She sang and played the acoustic guitar on it, and had some talented studio help to fill out the sound including Dan Dugmore (a member of both James Taylor and Linda Ronstadt’s backing bands) on aching slide guitar. Newton says she was vaguely aware of Rush’s version, but didn’t emulate it since “when it was popular, I was listening to folk music and R&B, and it was pop.”

Soon everyone was listening to her take on it. The song went gold in the States and in Canada where it hit #1. She’d have nearly as much success with the follow-up single, “Queen of Hearts” and then did well at home with “The Sweetest Thing” from it, and three years later, “Ride Em Cowboy”, re-released as a single from the album to promote a best of compilation. Soon after, she’d disappear from the mainstream pop and rock charts, but she remained a viable entity on country radio, having three #1 hits on their charts in the second-half of the decade.

Obviously a country girl at heart, Juice has voiced two audiobooks, both Westerns, and keeps herself busy keeping and trading horses in California these days.

May 16 – Forgotten Gems : Jane Siberry

Well, the Texas heatwave is supposed to spread right the way to the Atlantic this week baking places from Lubbock to Long Island, nature’s impromptu way of saying “summer’s here!”. And with high schools getting out around this time, we can bet that a lot of people will be heading to whatever beach they can find, which brings us to this month’s Forgotten Gem : “Mimi On the Beach.” The odd song was the masses introduction to the equally unusual Jane Siberry back in 1984.

With changeable hair styles and colors that seemed to originate from a base of Annie-style red, an eclectic style of dress that was the antithesis of the likes of Madonna and an obvious sense of humor, at the time some made an obvious comparison to another newcomer and called her “the Canadian Cyndi Lauper.” Soon though, it would become obvious that if comparisons were to be made, experimental femmes like Kate Bush or Laurie Anderson were more appropriate, although really Siberry was her own unique artist. As the Smith Center billed her, Jane is nothing if not “quirky, mysterious, spiritually inquisitive and fashionably avante garde.”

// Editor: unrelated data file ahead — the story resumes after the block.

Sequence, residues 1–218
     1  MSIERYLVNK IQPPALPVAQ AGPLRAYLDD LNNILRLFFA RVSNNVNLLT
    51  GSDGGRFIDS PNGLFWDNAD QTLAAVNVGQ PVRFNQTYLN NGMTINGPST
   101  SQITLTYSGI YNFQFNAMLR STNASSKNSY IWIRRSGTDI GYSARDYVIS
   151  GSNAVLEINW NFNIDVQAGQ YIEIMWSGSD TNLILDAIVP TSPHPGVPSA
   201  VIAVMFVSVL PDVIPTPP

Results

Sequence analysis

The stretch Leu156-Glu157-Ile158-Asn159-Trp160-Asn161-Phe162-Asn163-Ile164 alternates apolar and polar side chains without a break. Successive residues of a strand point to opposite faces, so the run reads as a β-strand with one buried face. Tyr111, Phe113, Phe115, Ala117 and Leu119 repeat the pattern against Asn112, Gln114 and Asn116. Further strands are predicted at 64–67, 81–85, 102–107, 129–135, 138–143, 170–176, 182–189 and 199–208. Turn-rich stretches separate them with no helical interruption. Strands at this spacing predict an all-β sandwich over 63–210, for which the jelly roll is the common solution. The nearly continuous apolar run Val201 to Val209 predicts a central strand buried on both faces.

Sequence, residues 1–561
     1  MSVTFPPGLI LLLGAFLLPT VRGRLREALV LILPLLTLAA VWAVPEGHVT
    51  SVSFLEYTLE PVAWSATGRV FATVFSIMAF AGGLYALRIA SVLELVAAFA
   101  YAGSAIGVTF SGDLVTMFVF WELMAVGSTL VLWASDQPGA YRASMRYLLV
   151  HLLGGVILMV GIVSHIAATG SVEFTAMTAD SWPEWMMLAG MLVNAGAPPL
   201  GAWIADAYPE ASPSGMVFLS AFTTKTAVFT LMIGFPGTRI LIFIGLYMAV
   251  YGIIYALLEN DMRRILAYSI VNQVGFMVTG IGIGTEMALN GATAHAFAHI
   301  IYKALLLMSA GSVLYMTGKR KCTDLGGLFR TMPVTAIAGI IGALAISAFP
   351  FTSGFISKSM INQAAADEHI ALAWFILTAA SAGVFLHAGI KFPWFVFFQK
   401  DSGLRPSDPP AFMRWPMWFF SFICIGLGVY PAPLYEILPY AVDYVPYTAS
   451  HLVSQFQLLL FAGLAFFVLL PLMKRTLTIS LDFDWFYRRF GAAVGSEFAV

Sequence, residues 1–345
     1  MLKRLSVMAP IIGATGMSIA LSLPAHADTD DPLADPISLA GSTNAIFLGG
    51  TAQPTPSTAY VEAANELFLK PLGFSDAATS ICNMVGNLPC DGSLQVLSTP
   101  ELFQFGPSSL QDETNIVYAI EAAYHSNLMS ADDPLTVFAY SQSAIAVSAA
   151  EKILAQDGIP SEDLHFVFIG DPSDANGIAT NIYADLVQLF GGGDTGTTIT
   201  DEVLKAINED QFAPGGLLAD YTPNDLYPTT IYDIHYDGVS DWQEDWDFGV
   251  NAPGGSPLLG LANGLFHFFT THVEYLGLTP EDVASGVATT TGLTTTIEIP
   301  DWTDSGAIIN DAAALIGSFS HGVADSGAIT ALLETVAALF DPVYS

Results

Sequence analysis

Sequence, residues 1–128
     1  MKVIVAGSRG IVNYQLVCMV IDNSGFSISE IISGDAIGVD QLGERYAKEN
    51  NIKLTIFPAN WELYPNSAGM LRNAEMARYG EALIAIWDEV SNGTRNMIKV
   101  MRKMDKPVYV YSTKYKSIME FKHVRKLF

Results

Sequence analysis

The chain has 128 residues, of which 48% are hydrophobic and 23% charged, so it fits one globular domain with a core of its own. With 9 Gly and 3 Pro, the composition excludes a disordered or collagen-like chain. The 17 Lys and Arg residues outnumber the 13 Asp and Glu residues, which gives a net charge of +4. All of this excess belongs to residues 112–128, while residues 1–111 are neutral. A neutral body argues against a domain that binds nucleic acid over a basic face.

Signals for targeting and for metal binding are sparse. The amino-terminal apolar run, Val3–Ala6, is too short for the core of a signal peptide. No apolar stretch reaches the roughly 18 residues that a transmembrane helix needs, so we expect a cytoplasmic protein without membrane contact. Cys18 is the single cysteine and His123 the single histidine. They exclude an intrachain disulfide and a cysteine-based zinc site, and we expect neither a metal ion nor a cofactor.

She grew up in the Toronto area, learning to play piano, then guitar by ear as a child. When she got to university, she says “I started out in music, but switched to science when I realized how much more interesting it was to study.” She got a degree in micro-biology, but sang her own brand of quirky folk music in cafes around the area on the side.

A 1981 indie release got her noticed, barely, in Canada and had her sign to the smallish but nationally-distributed Duke St. Records and the prestigious Wyndham Hill in the States. Her first release with them was No Borders Here, from which Mimi surfed in. Generally upbeat pop-new wave tunes, with Jane playing guitar and keyboards and a host of Toronto session musicians backing her (including her then boyfriend John Switzer who co-produced it with her on bass) , the tunes were catchy but what really made them stand out was her lyrics (as well as her multi-octave voice delivering them). Instead of “I love you so much” or “You went away, I’m sad” sorts of thoughts, she mused about things like self-important Yuppies (“Extra Executives”), or the lot of an actress-cum-waitress (“and I’d probably be famous now if I wasn’t such a good waitress!”) . She says “creativity is just inspiration, and I’m inspired everywhere I walk.”